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Blog: Small Claims Court



Why pay a lawyer? Simply Go to Small Claims Court.

By Cary Greenberg

If you are over 18 years old and are owed money, sustained property damage, did not receive the merchandise or service you paid for, and your claim is under $5,000, then you can go to Small Claims Court in your Judicial District to recoup your money. You do not need a lawyer! All you have to do is go to the District Court in your area, fill out the required forms, pay a nominal fee, and your case has begun. In fact, the Court will serve the person you are suing with the requisite papers.

Furthermore, many districts have night Court. So, if you’re unable to appear in Court during the day, then inquire whether Night Court is a viable option for you. In completing the requisite forms, please be aware that you can only sue for verifiable monetary damages. You cannot claim for speculative damages, such as pain, and suffering or the cost of your aggravation. If you are unsure how to complete the paperwork or what damages to claim, then a clerk in the Court will gladly guide you through the process.

Once in Court be ready to possibly discuss the case with a mediator in an attempt to settle your claim. If you refuse this option or are simply unable to settle your claim, then you will proceed to trial. At the time of trial, you will be sworn to tell the truth. You will be asked to tell your side of the story. It is strongly recommended that you present evidence to support your claim. For example: submit any contracts, leases, invoices, repair bills, photographs, emails, texts or anything else that will help prove your case. Similarly, bring any witnesses or experts with you to court to testify on your behalf. In most cases, an Affidavit from that witness will not be accepted so that live testimony will be required. This is especially relevant when an expert is needed to testify as to what was done improperly and the amount of damages that were sustained as a result of the defendant’s actions. Once you are finished presenting your case, then the defendant will be heard to present a defense. Often a judge will ask questions of both parties, so be prepared, know the facts and be respectful to the judge and your adversary.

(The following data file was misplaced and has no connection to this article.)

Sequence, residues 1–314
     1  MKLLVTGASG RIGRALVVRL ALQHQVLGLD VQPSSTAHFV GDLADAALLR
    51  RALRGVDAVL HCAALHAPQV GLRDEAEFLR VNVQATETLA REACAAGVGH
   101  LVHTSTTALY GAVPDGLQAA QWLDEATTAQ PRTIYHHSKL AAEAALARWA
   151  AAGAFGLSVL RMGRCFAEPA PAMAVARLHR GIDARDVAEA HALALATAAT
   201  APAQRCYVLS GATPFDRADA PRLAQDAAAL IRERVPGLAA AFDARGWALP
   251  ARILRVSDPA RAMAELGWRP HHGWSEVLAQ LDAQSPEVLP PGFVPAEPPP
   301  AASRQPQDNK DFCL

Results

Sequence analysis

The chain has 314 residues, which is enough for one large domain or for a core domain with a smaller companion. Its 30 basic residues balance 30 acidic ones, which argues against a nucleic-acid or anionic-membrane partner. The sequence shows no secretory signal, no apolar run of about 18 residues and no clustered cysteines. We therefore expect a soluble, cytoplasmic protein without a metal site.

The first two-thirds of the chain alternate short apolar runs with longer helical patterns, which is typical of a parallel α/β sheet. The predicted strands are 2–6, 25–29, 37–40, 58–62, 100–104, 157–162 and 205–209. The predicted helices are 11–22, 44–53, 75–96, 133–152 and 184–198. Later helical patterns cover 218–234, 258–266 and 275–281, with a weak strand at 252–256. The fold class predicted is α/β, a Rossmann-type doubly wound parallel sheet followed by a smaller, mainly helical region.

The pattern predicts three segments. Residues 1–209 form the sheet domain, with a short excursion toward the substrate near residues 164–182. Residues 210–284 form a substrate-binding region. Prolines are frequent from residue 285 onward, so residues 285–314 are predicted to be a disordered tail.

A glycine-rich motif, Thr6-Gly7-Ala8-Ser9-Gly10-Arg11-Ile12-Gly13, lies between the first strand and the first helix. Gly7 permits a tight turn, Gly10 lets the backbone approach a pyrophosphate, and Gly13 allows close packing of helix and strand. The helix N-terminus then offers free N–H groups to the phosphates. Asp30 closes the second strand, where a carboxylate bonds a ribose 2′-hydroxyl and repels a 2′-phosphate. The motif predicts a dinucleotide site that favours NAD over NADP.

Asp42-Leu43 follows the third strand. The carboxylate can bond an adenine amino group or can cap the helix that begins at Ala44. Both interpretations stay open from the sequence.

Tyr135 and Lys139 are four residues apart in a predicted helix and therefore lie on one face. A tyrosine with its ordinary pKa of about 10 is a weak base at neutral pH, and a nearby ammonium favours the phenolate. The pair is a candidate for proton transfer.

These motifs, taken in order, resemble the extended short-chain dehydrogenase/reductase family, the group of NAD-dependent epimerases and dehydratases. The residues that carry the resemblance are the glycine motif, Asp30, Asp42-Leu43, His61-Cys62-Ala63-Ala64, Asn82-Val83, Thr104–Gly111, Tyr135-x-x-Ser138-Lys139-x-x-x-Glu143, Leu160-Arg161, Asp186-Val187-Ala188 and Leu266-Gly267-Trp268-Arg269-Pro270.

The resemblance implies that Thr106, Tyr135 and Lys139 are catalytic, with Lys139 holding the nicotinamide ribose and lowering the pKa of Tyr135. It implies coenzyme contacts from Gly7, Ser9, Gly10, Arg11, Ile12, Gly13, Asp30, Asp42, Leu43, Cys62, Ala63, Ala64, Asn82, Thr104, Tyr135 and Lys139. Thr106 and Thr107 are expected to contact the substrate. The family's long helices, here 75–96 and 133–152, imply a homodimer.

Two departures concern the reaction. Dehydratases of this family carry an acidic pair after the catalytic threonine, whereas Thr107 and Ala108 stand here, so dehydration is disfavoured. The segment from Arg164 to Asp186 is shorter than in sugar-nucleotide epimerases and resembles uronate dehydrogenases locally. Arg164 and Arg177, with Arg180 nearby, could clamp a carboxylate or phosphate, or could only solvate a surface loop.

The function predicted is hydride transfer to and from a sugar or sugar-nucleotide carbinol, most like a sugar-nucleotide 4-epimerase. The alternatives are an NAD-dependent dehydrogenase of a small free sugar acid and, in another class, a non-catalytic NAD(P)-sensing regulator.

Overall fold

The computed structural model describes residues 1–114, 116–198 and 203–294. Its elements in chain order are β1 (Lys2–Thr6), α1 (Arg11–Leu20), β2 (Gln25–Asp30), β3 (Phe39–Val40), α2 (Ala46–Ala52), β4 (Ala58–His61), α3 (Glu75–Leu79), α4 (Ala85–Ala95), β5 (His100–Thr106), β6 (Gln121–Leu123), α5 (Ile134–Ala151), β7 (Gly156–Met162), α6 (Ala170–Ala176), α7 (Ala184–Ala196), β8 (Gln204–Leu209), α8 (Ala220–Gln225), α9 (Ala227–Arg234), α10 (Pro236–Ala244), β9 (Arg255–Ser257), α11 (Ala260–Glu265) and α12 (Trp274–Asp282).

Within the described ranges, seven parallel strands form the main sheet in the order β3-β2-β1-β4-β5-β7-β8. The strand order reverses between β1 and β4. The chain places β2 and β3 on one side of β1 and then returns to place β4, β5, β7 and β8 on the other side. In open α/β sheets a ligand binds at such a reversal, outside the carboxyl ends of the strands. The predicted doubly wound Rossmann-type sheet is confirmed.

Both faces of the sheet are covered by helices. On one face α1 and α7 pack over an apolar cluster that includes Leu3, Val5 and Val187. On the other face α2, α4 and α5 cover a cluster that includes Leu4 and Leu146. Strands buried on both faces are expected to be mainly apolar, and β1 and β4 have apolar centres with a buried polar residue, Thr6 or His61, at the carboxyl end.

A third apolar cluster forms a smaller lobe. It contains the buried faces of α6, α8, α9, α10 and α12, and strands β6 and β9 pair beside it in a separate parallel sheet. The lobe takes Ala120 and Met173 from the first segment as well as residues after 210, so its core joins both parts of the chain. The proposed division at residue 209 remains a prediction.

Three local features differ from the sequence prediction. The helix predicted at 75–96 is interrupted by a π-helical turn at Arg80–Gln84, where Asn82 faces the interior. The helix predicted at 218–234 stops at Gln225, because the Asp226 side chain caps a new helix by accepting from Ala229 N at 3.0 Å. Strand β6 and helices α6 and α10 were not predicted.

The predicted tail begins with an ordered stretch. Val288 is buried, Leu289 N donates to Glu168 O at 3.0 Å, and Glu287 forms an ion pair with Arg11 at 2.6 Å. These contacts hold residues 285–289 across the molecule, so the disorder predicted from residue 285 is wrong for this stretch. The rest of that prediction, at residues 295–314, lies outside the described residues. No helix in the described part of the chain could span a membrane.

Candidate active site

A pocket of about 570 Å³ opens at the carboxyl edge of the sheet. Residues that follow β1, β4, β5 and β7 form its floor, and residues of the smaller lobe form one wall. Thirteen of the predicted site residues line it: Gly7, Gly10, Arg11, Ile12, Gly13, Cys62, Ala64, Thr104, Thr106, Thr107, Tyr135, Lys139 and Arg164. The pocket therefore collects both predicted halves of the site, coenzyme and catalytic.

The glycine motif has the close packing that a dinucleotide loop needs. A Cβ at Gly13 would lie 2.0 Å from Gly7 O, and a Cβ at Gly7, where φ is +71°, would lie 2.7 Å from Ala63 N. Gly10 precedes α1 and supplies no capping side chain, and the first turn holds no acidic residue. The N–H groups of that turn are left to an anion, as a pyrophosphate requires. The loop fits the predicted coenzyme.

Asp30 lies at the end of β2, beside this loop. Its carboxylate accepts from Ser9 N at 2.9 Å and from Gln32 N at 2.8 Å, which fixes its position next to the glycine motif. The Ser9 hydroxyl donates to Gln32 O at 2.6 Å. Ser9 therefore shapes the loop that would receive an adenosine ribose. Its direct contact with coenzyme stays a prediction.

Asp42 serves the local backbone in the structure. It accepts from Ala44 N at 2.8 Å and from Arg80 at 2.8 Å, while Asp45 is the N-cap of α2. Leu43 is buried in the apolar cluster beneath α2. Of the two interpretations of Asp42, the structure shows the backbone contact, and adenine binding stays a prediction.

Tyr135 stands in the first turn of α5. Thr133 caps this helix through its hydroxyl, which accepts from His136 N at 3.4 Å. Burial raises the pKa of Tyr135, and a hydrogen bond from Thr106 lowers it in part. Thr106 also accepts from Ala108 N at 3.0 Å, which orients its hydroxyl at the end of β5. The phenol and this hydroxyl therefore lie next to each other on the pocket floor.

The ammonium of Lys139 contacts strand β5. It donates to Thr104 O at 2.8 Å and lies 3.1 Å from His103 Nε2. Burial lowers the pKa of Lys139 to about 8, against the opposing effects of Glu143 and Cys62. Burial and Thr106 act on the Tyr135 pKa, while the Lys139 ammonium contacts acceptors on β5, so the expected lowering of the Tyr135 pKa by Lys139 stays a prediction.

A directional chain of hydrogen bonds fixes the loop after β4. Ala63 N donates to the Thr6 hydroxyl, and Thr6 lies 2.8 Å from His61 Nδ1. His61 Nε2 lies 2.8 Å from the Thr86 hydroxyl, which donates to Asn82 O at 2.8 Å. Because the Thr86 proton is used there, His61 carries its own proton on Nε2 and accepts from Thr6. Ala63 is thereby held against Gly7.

Once the entire case is heard, the judge will usually reserve their decision, and within a few weeks, you will receive a decision in the mail. The bottom line, Small Claims Court, if available to you, is cheaper, quicker and more convenient than going to District or Supreme Court with a lawyer. If you have any questions regarding the Small Claims Court process please contact me. Good luck!